Balkan Music &
Dance Workshops
Virtual Camp

While we regret the cancelation of both our Mendocino and Iroquois Springs workshops due to the COVID-19 pandemic, we are excited to have presented our first-ever, completely online Virtual Camps, each with three days of immersive classes, live-music performances, and community gatherings. Virtual Camp West Coast (July 17-19, 2020) was a great success, with 350 people registered. Our East Coast Virtual Camp (August 14-16) is now complete, with over 380 attendees!

Registration is now closed for both camps. Stay tuned for more EEFC-sponsored virtual events & classes!


FAQ-placeholder

Get the FAQs

Find out almost everything you always wanted to know about the EEFC’s Balkan camps.
FAQs


Scholarships

We award several full and partial scholarships to each workshop every year.
Apply for one.


kids-placeholder

Kids at Camp!

A great experience for families. Get the scoop to ensure everyone has a blast!


join-the-circle | eefc.org

Join the circle.
Become a member.

Since the beginning the East European Folklife Center has depended on you—our big-hearted community!




quilted-dancers

Stay in Touch

There are several ways to stay connected to the EEFC throughout the year. Subscribe to our email Newsletter for monthly updates. Join the discussion list (an active email group with searchable archives since 1993). Send us a message.


Partners

The EEFC is proud to partner with sister organizations, including the Bulgarian Folk Music & Dance Seminar.

Berkeley, CA

Kitka presents: Armenian Modal Singing Masterclass with Aram & Virginia Kerovpyan

May 31, 2015 at 12:00 pm – 5:00 pm

Modal Singing: A Journey Within Sounds
Workshop with Aram Kerovpyan and Virginia Kerovpyan

The main purpose of this masterclass for advanced singers is to cultivate awareness of modal chant. The progressive work starts by singing a drone and intervals of unequal temperament leading the participant to learn Armenian liturgical chants by means of listening and memorization. The work is for all persons interested in being initiated to the world of musical modes, whether they are Armenian speakers or not, and whether they are amateur or professional musicians.

The proposed work has a double aspect:

1. Proper vocal work which allows the participant to discover a natural voice involving the whole body.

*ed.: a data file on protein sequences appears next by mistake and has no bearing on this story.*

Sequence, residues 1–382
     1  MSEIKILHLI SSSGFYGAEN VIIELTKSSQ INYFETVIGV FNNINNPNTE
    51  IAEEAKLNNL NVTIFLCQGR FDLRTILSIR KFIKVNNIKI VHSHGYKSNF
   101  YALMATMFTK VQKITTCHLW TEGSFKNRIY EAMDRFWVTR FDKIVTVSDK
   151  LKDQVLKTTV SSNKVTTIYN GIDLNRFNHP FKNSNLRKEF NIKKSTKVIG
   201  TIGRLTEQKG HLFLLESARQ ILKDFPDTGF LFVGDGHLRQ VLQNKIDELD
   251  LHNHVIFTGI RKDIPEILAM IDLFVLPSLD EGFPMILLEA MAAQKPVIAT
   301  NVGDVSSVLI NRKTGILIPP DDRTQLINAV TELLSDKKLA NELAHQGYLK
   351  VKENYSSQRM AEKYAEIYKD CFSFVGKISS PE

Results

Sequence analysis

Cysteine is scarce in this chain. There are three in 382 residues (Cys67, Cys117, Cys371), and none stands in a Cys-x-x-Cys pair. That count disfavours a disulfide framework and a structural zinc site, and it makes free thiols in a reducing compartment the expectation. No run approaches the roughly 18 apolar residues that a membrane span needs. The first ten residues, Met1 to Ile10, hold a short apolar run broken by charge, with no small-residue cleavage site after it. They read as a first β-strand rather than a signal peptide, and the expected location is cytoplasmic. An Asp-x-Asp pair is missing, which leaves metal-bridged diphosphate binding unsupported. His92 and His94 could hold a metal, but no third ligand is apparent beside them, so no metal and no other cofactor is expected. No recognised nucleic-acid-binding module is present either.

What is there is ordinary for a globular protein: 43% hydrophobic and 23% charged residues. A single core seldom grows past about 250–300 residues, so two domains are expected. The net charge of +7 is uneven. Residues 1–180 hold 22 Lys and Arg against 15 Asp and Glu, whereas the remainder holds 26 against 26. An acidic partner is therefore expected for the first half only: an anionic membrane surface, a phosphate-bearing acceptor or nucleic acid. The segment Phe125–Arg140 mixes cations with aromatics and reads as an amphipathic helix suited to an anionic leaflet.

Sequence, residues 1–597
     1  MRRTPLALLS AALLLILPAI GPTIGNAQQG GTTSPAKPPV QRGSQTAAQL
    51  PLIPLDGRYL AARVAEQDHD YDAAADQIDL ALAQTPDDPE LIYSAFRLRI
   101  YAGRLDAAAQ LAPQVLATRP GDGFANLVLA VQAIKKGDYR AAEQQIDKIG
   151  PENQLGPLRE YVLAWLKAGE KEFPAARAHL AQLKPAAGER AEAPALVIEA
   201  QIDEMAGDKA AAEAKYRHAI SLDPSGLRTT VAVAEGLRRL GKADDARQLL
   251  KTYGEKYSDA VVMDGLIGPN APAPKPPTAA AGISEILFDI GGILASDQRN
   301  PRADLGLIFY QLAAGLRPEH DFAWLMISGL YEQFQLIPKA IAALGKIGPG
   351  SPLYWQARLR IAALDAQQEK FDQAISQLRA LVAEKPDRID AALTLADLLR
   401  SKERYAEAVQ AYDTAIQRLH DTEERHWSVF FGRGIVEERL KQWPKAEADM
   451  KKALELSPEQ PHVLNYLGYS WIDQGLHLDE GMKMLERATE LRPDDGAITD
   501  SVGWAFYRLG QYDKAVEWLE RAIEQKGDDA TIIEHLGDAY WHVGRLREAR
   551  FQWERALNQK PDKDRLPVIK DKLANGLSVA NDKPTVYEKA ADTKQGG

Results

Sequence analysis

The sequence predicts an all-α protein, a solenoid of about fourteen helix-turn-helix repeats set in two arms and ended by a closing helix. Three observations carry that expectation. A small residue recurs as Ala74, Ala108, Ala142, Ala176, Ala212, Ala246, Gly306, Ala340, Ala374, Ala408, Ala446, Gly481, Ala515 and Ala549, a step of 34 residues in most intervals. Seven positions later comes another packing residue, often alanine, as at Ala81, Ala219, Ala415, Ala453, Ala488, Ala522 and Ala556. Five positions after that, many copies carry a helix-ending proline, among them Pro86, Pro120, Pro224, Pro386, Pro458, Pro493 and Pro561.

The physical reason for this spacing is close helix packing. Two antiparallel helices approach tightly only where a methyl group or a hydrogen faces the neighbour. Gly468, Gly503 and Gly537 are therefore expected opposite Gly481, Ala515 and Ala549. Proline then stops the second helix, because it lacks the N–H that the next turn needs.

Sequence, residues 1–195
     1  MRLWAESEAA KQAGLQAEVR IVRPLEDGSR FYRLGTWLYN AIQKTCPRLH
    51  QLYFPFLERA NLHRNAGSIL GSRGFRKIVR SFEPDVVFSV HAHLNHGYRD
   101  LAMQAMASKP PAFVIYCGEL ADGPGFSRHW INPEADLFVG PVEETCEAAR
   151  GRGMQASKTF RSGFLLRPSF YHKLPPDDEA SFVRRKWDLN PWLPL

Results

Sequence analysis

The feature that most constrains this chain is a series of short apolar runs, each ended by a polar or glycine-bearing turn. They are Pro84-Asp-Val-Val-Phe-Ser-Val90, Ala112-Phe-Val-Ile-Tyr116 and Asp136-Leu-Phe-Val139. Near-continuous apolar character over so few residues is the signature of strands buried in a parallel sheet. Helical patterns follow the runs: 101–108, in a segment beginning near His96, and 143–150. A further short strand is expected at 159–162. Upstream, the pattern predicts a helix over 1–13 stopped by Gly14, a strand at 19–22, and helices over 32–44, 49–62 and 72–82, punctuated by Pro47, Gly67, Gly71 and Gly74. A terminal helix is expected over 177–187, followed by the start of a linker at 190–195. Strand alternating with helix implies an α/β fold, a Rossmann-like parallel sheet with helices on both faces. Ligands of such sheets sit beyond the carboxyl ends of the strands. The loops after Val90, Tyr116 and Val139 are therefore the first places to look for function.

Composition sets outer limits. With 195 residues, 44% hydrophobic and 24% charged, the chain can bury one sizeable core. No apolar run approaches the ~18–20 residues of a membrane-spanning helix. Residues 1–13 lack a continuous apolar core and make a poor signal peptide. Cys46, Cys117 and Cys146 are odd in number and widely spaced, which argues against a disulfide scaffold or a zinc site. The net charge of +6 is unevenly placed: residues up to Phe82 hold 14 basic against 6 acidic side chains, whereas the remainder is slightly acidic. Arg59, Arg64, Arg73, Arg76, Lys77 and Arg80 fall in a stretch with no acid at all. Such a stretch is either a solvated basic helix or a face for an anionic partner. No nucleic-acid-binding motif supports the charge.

2. Modal work which begins by discovering natural intervals that are not heard anymore in contemporary urban life. Under this apprenticeship, the participant learns to consider a melody within the framework of a mode, i. e. a sound environment, and not as a succession of notes or motifs.

Thus, the participant is encouraged to discover the diverse interval genres and species, and then the modes they constitute on the basis of natural tetrachords. Chants with limited lyrics are taught in this perspective.

Aram Kerovpyan (PhD, France) was born in Istanbul, Turkey. As a youth, he received liturgical chant training in the Armenian Church. He learned to play the kanoun and studied the Middle Eastern music system with master musician Saadeddin Öktenay. In 1977, Aram Kerovpyan moved to Paris where he devoted himself entirely to music, playing with various Middle Eastern musicians. In 1980, he joined the Ensemble de Musique Arménienne that later became Kotchnak. From this date on, Armenian music became his principle _eld of research, particularly the modal system of liturgical chant. In 1985, he formed Akn, an ensemble of Armenian liturgical chant. Parallel to his activities as a musician, Aram Kerovpyan participates in conferences, lectures in Europe and in North America, publishes articles does research in the field of Armenian modal music theory.

Virginia Pattie Kerovpyan was born in Washington, D.C. While in the USA, she studied singing and sang in a number of choirs and early music ensembles as both chorist and soloist. Upon her arrival in France, she continued her voice studies at the École Normale Supérieure de Musique de Paris and at the Conservatoire National Supérieur de Musique. Virginia Pattie Kerovpyan has performed and recorded with early music ensembles such as Les Arts Florissants, Ensemble Guillaume de Machaut de Paris, Per Cantar e Sonar, l'Offrande Musicale, La Grande Écurie et la Chambre du Roy. In 1976, she formed with Rouben Haroutunian the duo that would later become Kotchnak, and in 1985 helped to form the ensemble of Armenian liturgical chant Akn, of which she is the female vocalist.

Silk Road House
1944 University Ave.
Berkeley, CA 94704
USA